“There’s no reason that such ventures can’t be mutually beneficial”
In my final question to Tiffany, I ask her about how she navigates the two worlds in which she conducts her research: the responsibilities she has toward the community of Tihosuco and the responsibilities she has toward her doctoral program and dissertation committee. How can her efforts in Tihosuco be both beneficial to the people of the Ejido and present substantive analysis of her own research questions?
What she tells me is that the development of her thesis has been done largely in the reverse of how archaeologists have historically formulated their projects. She says that when she came to the Ejido, she had very few pre-determined research goals. While many anthropologists arrive onsite with specific research goals in mind, Tiffany, has been able to develop her intellectual foci from the materials and research questions that she collaborated on with the members of the Tihosuco team.
The misconception is that community-based archaeologies are somehow less rigorous because the archaeologist does not determine their research questions in the conventional fashion. Tiffany tells me this idea is “a complete fallacy.” She rooted her work in her commitment to reciprocity in the research process, allowing their mutual laboring to generate a more robust research agenda that can be sustained into the future.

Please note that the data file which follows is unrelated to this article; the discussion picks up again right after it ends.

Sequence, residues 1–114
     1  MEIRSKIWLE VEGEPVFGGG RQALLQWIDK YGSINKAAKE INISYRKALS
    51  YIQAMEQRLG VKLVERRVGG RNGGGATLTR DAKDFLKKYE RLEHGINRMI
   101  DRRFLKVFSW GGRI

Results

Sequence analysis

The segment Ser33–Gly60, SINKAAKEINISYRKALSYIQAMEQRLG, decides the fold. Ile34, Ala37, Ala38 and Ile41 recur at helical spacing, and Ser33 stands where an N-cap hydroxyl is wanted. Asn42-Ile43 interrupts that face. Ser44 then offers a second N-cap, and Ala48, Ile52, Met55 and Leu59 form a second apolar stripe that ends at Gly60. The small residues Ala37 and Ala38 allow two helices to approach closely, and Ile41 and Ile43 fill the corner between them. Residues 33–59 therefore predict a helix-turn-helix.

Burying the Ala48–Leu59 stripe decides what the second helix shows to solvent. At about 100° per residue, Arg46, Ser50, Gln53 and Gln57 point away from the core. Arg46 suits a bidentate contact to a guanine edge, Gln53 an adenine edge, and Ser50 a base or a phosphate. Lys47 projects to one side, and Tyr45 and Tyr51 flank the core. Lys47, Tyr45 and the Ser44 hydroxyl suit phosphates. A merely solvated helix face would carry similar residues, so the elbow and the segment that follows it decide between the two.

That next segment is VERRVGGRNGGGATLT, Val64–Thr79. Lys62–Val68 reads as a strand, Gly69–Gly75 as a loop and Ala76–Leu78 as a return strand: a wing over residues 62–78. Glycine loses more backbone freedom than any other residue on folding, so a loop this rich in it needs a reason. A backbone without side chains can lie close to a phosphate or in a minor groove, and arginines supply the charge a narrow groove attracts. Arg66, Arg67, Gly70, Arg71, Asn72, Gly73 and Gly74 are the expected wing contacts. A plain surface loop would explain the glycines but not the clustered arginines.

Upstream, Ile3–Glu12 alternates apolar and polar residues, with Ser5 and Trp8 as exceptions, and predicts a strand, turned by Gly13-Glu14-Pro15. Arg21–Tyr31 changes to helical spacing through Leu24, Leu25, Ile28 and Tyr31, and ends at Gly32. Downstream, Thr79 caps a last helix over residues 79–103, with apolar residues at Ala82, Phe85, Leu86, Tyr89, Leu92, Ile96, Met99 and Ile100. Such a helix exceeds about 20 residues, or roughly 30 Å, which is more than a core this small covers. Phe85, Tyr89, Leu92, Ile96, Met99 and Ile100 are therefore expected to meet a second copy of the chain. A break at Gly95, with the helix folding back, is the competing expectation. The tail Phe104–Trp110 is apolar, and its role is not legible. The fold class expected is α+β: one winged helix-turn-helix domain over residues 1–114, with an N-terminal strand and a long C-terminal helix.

Ultimately, she aims to show how the collaborative mapping of the Ejido has highlighted the forms of structural violence that set the conditions for the Caste War and the ways that the war’s violence restructured the landscape. She states, “I would never have been able to achieve such an intellectual question if I had not collaborated with Tihosuqueños… now we both have something: a study I can use [toward the dissertation], and a project that benefits the community.”
With this project, Tiffany hopes to show that researchers “can have a very rigorous intellectual agenda and still be doing research that is oriented towards the social and economic concerns of the community.” Ultimately, the work of Tiffany Cain, the community in Tihosuco, and the other Penn-affiliated members of the Project team will continue pushing the bounds of community-based archaeology ought to look like and can achieve.